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Acute high intensity interval exercise reduces colon cancer cell growth

ByCrossFitMay 4, 2019

In this study published in the February 2019 issue of The Journal of Physiology, a research team from the University of Queensland investigated exercise’s known effect on mortality rates for cancer survivors by observing male colon cancer survivors’ blood cytokine levels during a month of high-intensity interval exercise (HIIE). Their conclusions were:

  • Physical activity is associated with reduced mortality rates for survivors of colorectal cancer.
  • Acute HIIE reduced colon cancer cell numbers in vitro and promoted increases in inflammatory cytokines immediately following exercise.
  • This acute suppression of colon cancer cell number was transient and not observed at 120 minutes post-acute HIIE.
  • The acute effects of exercise may constitute an important mechanism that can influence colorectal cancer outcomes.

The study followed 20 male colon cancer survivors who were split into two groups. Ten men were prescribed a brief, strenuous workout regimen: four minutes of hard cycling, three minutes of rest, repeated four times, three days per week. The subjects did this course of exercise for one month. The other 10 did a single exercise session of the same program.

The researchers took blood from these subjects before, immediately after, and two hours after an exercise session, then incubated cancer cells with the blood. The blood drawn immediately after exercise showed higher cytokine levels (i.e., inflammatory markers, including IL-6 and TNF-a), which subsided within two hours. This same cytokine-rich blood also suppressed tumor growth. There was no difference in the magnitude of this effect (either the cytokine elevation or the tumor growth suppression) in subjects who did a single HIIE session and those who had done three sessions per week over four weeks.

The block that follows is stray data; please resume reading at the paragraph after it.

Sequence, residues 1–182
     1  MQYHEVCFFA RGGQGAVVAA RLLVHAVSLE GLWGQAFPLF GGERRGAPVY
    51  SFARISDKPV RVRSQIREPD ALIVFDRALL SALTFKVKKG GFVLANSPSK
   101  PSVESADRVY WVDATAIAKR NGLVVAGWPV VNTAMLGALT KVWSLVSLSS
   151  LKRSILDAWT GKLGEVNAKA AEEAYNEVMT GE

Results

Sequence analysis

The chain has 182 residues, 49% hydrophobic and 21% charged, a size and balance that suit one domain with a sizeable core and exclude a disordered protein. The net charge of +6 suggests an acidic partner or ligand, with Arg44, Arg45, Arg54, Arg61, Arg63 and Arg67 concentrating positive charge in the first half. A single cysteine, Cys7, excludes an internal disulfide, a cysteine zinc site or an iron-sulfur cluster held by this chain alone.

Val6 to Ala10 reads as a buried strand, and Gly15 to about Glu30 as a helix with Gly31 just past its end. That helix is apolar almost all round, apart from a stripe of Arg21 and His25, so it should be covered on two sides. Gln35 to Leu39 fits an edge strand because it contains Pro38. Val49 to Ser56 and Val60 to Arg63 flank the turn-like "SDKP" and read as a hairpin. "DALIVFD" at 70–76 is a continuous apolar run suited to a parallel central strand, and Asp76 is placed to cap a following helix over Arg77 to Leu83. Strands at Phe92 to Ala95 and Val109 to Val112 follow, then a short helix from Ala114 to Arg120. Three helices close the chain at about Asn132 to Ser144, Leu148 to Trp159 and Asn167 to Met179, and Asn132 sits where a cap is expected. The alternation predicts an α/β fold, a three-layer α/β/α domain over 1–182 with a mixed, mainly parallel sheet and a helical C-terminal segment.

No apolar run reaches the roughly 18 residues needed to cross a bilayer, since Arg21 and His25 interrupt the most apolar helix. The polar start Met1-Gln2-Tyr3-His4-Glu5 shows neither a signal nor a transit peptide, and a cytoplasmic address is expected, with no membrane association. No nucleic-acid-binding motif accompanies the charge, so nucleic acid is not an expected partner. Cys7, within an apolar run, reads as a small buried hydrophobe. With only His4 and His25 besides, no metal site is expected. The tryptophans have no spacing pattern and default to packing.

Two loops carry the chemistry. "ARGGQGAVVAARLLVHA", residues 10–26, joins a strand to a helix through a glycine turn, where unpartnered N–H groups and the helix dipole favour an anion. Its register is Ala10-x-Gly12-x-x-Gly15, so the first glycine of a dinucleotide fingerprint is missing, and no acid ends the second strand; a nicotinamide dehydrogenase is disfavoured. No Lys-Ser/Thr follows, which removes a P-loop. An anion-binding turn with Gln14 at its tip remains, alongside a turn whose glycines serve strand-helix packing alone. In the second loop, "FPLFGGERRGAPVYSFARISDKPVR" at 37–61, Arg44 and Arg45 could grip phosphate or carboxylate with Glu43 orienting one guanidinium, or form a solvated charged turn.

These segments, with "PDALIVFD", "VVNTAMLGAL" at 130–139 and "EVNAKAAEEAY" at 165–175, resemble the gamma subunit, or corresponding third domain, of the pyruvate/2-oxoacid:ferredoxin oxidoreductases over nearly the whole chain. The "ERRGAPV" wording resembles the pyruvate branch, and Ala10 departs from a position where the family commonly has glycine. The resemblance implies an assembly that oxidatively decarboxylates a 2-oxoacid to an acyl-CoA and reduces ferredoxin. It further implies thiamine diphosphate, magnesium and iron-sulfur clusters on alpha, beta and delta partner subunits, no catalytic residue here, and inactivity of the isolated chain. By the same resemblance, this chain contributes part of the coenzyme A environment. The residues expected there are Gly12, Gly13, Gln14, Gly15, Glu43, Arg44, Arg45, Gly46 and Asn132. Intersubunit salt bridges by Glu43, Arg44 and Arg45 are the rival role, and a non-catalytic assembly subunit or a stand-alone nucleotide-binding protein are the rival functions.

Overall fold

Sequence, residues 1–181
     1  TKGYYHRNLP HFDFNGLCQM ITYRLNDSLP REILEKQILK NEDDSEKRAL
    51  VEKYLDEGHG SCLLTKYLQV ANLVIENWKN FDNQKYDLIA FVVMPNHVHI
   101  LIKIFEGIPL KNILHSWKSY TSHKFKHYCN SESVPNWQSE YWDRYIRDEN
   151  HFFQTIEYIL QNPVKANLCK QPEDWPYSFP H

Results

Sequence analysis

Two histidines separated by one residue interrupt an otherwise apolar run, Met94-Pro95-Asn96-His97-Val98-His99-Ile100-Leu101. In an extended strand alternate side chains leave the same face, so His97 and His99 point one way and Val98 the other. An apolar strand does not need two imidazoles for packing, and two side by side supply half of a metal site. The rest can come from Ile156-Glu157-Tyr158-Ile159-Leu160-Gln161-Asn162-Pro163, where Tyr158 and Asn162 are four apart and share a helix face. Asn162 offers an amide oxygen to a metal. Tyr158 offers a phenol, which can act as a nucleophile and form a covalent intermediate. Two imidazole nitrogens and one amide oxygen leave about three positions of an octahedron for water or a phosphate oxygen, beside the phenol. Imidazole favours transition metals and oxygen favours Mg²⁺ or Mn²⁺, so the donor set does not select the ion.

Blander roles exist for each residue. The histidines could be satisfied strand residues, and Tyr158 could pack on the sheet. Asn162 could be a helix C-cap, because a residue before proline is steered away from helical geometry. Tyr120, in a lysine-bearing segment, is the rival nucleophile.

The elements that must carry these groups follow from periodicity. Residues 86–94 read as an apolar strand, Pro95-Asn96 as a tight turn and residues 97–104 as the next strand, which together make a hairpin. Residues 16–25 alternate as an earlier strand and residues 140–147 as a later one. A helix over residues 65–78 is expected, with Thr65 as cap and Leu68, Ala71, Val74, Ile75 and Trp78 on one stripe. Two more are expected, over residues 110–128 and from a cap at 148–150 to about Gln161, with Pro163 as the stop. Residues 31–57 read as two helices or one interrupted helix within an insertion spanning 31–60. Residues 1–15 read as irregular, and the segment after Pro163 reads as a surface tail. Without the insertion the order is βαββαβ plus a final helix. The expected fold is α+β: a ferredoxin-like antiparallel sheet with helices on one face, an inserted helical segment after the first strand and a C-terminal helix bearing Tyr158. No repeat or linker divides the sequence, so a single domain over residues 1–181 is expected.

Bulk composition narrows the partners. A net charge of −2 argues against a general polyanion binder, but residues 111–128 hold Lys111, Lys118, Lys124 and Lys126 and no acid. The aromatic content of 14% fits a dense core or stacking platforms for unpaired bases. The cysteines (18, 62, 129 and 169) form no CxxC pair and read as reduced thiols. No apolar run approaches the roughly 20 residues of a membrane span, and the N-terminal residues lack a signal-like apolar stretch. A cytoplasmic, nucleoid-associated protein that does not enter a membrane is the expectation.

Figure 1. Cell number before or after acute high intensity interval exercise or short‐term training
Cell number following incubation of (A) CaCo‐2 and (B) LoVo cells with serum from either baseline (pre‐exercise), 0 or 120 min post‐high intensity interval exercise, or (C) CaCo‐2 and (D) LoVo cells with serum collected at rest (fasting) either pre‐ or post‐exposure to short‐term high intensity interval exercise training (baseline and post‐intervention). Cells were incubated for 24, 48 or 72 h. Data presented as the mean and 95% CI. 

These data suggest exercise temporarily increases levels of blood inflammatory markers, and these increases may suppress tumor growth. The authors note that while a single bout of exercise is unlikely to meaningfully impact tumor growth, a long-term exercise program that repetitively induces cytokine elevation may improve cancer prognosis. This beneficial inflammatory effect could explain the widely observed benefits of exercise on cancer risk and prognosis.

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